When deciding to protect your logo or design it can be somewhat confusing trying to decide how to protect it. After all, your logo is fundamentally the face of your product line or your solutions so it is reasonable that you’d want to do the right thing when it comes to ensuring that you have exclusive rights to it.
The question is if you copyright your logo or trademark your logo? The answer may be both.
What does this mean?
Each logo or design will vary from the next in regard to being qualified for copyright protection, of course, but the key to understanding is learning what is meant by “sufficient authorship.” Logos or designs that fall into any one of the two categories are not eligible for copyright protection:
• “familiar symbols or designs,” e.g. the peace sign, a single arrow, a Latin cross, etc..
• “mere variations of typographic ornamentation, lettering or coloring,” e.g. text in Times New Roman font, Text Using Just Sentence instance, text in purple
An even easier way to consider is to ask yourself one question about your logo – was there any creativity involved in any respect in designing the logo? If you are using a symbol you found in Microsoft Word or in a clip art program, then no. If you are using a symbol you or someone else designed for you that have a level of creativity and/or uniqueness of some form or fashion, then yes.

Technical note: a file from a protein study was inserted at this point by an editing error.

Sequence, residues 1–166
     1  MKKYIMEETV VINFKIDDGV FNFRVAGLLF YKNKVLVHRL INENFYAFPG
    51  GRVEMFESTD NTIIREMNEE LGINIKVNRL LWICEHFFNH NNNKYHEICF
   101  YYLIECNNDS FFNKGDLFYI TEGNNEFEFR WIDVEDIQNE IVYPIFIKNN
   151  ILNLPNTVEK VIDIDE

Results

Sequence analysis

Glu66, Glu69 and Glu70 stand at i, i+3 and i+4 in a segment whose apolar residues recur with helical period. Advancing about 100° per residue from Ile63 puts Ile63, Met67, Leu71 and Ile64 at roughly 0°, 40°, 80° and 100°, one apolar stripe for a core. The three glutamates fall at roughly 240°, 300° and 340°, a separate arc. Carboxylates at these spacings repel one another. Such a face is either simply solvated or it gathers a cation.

Even if your logo does qualify for copyright protection, do not assume it is just like trademark protection. Copyrights protect the picture itself whereas the signature protects the image as it is used within the market.
To protect your emblem IN CONNECTION with your product line and/or services, a trademark is the way to go. The aim of having a logo, be it for a title, logo or slogan, is to get exclusive rights to the mark within your specific industry. This guarantees that there will not be customer confusion when it comes to your own goods/services and another within your business.
Filing a trademark for a symbol is similar to filing a trademark for a title. Comprehensive research is likely needed to ensure that the same or similar design is not already filed. I know what you are thinking – I know my emblem is unique OR I paid for my logo to be designed so I know no one else has it – we hear that a lot. The one thing to always remember about trademarks is the mark does not have to be accurate to another. If there’s a chance for customer confusion, it can be an issue.
Shannon Moore is the General Manager for TradeMark Express. Since 1992, TradeMark Express has fulfilled the needs of their customers with comprehensive research, application preparation, attorney referrals and trademark consultation. For additional details, please visit us on the web in TradeMark Express or telephone Shannon directly at 800.340.2010.